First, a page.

All the wrong moves

Some people do their exercises incorrectly, increasing the likelihood of injury. Some common exercises and questions illustrating incorrect exercises are presented.

Could your exercises be failing you? If you’re doing them incorrectly, you may be working harder than you have to, without gaining results. Or, worse yet, you could be putting yourself at risk for injury. Mark Stevens of the Gym shows us some rights and wrongs.

#1 Stretching

WRONG Bouncing while you stretch.

RIGHT Slow, smooth and controlled stretches. “Bouncing could cause you to stretch too far because it’s uncontrollable,” says Mark.

#2 Lunges

WRONG Positioning your knee further forward than your foot.

RIGHT Keeping back straight, knees directly above foot. “Lunging too far forward puts too much stress on your knee caps, which can lead to injury,” says Mark.

#3 Situps

WRONG Arching your back as you come up.

RIGHT Lifting yourself just a few inches off the ground by using abdominal muscles instead of your back and head. Arch your back and you’ll be at risk for straining it or your neck. (Not to mention you won’t be working your abdominal muscles as efficiently.)


WRONG Not warming up.

RIGHT Warming up your muscles and joints for about five to 10 minutes before a workout. Not warming up could lead to muscle injury. A great warm-up involves using the muscles you’ll be working out slowly and gently. Try walking before running, riding a slow stationary bike before cycling or doing weights.

WRONG Stretching only after, or only before, a workout.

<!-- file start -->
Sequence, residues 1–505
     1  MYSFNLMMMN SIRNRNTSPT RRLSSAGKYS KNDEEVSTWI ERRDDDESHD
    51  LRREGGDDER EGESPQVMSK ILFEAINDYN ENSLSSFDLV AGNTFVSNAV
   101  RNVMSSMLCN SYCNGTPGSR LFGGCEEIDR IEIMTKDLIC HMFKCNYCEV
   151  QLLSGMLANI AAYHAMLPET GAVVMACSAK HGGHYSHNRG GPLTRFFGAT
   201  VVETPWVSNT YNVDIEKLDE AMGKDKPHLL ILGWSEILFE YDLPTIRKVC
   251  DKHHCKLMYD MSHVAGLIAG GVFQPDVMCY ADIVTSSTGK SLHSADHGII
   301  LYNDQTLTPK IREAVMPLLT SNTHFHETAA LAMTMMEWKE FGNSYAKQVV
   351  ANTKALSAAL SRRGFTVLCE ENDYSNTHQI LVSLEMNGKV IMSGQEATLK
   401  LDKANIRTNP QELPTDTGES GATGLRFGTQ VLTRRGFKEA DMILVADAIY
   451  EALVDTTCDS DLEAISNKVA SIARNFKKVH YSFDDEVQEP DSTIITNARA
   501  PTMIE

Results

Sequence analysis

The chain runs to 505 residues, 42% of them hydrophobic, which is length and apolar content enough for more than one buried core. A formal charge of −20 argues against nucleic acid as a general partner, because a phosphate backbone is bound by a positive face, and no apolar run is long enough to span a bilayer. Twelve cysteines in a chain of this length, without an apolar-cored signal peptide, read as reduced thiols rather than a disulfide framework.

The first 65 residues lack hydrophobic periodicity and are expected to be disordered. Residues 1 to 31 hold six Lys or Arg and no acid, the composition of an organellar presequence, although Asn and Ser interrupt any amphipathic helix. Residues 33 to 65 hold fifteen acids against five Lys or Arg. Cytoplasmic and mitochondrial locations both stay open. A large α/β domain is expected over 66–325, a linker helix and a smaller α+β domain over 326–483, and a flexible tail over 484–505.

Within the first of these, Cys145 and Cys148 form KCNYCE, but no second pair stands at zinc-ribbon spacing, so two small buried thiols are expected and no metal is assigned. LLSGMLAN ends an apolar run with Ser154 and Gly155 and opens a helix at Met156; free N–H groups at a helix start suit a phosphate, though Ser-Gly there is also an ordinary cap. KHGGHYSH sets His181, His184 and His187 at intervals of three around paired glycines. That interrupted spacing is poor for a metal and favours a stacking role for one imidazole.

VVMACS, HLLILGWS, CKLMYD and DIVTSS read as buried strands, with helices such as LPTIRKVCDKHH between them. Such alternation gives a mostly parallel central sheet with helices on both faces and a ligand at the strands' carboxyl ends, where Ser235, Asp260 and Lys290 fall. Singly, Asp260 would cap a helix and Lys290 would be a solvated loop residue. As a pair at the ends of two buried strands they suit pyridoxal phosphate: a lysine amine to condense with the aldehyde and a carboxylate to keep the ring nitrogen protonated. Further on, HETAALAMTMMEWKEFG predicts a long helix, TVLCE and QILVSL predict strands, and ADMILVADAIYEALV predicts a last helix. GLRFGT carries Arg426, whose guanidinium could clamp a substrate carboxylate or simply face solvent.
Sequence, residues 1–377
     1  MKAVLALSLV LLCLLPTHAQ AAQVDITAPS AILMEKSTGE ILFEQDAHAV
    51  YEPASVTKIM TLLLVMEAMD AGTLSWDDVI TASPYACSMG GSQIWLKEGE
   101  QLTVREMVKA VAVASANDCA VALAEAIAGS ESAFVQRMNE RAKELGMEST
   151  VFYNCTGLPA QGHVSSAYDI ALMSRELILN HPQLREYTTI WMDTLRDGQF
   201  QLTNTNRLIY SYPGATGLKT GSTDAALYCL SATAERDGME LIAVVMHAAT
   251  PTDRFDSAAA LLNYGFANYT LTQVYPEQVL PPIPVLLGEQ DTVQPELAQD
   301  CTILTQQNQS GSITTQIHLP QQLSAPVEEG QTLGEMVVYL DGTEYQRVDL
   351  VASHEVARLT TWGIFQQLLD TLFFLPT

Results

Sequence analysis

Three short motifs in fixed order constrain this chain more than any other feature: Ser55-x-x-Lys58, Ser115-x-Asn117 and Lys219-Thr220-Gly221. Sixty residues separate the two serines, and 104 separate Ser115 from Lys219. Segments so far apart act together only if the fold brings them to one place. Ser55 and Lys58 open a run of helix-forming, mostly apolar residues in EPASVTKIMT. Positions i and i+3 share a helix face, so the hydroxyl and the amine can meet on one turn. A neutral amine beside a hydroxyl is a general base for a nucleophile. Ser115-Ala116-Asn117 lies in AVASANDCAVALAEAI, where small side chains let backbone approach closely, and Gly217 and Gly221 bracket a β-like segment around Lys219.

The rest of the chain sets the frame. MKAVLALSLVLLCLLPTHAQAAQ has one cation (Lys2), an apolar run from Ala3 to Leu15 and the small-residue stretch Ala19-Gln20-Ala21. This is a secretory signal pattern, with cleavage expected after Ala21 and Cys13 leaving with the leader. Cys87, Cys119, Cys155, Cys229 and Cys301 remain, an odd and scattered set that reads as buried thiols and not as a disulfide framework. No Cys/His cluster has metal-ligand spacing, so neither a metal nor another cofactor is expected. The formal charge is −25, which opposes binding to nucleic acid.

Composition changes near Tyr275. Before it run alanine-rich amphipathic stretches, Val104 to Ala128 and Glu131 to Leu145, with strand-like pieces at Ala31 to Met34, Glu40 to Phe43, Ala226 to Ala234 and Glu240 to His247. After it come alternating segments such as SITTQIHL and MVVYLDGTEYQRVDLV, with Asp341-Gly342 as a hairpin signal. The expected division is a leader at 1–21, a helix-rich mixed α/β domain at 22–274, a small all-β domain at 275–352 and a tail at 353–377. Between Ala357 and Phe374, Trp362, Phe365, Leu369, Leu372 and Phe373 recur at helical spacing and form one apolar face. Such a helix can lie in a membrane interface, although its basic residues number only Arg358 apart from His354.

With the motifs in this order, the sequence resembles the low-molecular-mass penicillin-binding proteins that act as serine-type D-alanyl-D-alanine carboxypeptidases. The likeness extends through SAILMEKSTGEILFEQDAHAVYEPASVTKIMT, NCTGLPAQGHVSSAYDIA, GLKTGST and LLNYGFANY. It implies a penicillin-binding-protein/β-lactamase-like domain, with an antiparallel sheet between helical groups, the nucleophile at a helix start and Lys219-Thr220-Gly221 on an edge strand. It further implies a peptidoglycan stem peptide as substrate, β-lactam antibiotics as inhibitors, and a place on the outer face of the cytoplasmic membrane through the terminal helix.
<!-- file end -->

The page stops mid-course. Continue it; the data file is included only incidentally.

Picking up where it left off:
RIGHT Stretching both before and after workouts. “Stretching out the muscles you’ve just worked after a workout prevents them from tightening up and becoming sore,” says Mark.

I’ve been doing the stair machine for a week now, but afterward my neck and elbows are sore. What am I doing wrong?

Answer: Chances are, you’re using your arms to support you by hanging on too tightly to the rails. The hand rails should be used for balance only. Otherwise, not only will you become sore, you’ll also be getting less of a lower-body workout.

How much water should I drink when I work out?

Answer: It’s essential to stay well-hydrated when you work out so that your muscles will work more efficiently and to prevent cramping. A good rule: 8 ounces of water every 30 minutes while working out or exercising. Swimmers should be sure to stay hydrated, as it’s easy to forget you’re losing water when you’re inside a pool. And keep in mind that diet sodas are not good substitutes: many contain caffeine which acts as a diuretic.